Microsoft said in a blog post Friday that hackers linked to the Iranian government made more than 2,700 attempts to access email addresses belonging to a 2020 U.S. presidential candidate, government officials, journalists and prominent Iranians living abroad.
The hackers, identified in the post as "Phosphorus" targeted the presidential candidate's email account as well as 240 others during a 30-day period between August and September this year. According to the tech giant, "the Microsoft Threat Intelligence Center (MSTIC) observed Phosphorus making more than 2,700 attempts to identify consumer email accounts belonging to specific Microsoft customers and then attack 241 of those accounts. The targeted accounts are associated with a U.S. presidential campaign, current and former U.S. government officials, journalists covering global politics and prominent Iranians living outside Iran."
Citing two officials with knowledge of the matter, the New York Times reported the email address belonging to the presidential candidate hackers attempted to gain access was President Donald Trump's.
Microsoft says four of the 241 accounts were compromised as a result of the hackers' efforts, but none of those were associated with the U.S. presidential campaign or any current or former U.S. government officials. The customers whose emails compromised in the attack have been notified by Microsoft and the company is working with them to secure their accounts.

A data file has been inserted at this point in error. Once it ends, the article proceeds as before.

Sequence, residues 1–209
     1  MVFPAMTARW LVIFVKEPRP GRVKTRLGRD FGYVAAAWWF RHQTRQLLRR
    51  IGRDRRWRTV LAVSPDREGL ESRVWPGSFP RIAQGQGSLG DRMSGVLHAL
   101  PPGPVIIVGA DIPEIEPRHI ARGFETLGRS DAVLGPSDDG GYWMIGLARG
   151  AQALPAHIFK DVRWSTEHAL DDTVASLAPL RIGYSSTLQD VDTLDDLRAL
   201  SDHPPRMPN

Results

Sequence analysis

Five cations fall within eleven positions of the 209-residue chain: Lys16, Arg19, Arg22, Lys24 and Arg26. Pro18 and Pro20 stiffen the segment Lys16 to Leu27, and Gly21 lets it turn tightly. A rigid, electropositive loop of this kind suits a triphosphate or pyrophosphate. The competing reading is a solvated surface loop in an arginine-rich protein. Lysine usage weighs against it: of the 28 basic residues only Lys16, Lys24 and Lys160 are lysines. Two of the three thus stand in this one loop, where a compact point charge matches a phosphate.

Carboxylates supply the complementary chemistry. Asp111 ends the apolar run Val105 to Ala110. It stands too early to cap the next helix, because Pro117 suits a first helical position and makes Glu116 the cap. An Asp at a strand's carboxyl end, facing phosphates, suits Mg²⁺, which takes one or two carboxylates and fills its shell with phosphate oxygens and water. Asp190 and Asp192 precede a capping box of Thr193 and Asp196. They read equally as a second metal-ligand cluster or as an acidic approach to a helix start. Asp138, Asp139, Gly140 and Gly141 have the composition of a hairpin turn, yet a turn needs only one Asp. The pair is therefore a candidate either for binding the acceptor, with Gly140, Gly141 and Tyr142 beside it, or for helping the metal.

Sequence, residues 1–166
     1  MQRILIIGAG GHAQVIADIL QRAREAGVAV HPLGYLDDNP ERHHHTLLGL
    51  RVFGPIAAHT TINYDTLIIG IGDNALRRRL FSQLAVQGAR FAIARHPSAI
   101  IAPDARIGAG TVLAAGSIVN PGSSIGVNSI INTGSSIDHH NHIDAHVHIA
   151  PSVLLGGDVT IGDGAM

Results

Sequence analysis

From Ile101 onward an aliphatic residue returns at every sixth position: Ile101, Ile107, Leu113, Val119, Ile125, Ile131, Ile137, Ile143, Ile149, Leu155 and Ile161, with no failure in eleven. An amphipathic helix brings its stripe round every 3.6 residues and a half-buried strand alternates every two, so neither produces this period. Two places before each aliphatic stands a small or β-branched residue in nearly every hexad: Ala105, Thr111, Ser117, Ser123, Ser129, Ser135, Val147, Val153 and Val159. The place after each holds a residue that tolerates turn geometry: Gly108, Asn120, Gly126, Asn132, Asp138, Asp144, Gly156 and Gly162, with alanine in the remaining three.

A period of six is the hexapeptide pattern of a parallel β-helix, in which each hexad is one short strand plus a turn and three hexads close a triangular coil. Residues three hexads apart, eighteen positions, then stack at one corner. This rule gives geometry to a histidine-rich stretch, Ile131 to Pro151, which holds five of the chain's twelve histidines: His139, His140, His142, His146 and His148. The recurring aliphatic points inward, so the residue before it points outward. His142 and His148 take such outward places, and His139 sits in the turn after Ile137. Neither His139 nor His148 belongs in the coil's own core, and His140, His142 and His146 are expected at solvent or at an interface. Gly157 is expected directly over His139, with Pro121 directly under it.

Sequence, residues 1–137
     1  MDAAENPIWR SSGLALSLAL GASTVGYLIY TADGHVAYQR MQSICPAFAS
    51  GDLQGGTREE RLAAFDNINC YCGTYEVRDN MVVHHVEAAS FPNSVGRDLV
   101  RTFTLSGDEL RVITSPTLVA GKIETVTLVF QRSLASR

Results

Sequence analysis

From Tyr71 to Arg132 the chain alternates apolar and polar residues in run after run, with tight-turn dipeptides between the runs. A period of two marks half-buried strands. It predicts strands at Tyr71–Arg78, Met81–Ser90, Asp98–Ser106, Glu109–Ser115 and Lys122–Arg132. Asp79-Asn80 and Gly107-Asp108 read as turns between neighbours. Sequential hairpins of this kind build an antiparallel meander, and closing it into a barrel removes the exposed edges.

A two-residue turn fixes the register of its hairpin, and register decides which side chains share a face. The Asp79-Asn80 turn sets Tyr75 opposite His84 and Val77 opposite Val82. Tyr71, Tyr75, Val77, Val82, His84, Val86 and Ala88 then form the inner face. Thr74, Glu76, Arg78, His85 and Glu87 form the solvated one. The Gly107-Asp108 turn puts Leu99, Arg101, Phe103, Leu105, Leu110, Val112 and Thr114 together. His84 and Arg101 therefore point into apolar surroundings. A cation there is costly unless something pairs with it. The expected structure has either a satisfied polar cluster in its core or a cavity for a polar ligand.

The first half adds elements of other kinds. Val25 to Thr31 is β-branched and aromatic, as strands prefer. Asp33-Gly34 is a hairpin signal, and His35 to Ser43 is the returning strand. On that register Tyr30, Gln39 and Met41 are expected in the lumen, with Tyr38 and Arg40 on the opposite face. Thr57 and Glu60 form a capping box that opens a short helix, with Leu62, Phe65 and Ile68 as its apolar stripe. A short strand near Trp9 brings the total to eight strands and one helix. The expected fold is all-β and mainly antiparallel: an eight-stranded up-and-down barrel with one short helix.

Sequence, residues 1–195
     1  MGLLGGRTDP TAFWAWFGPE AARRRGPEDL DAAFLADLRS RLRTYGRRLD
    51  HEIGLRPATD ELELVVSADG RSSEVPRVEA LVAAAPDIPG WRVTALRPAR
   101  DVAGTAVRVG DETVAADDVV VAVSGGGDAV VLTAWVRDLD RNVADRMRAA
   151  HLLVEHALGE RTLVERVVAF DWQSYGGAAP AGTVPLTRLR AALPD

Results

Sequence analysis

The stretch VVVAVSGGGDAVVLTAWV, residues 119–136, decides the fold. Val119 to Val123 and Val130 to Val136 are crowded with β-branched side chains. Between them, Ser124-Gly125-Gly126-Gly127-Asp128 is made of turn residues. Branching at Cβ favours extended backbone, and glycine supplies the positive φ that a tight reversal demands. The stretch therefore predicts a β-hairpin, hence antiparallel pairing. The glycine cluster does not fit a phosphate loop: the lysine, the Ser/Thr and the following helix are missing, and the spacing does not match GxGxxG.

The hackers used information gathered online after researching their targets using that to game password reset or account recovery features. In one example, the hackers would try to first gain access to a secondary email account linked to the Microsoft account they were targeting, and then use that to gain access by using verification sent to the secondary accounts. Other attempts involved using the target's phone numbers in authenticating password resets.
"While the attacks we’re disclosing today were not technically sophisticated, they attempted to use a significant amount of personal information both to identify the accounts belonging to their intended targets and in a few cases to attempt attacks," Microsoft wrote.
The company says the effort by hackers were reflective that the group was "highly motivated" and willing to "invest significant time and resources" to take over their target's email accounts.
Hackers all over the world, including Russia and North Korea have been targeting organizations and others who are working closely with presidential candidates, security researchers and intelligence officials.
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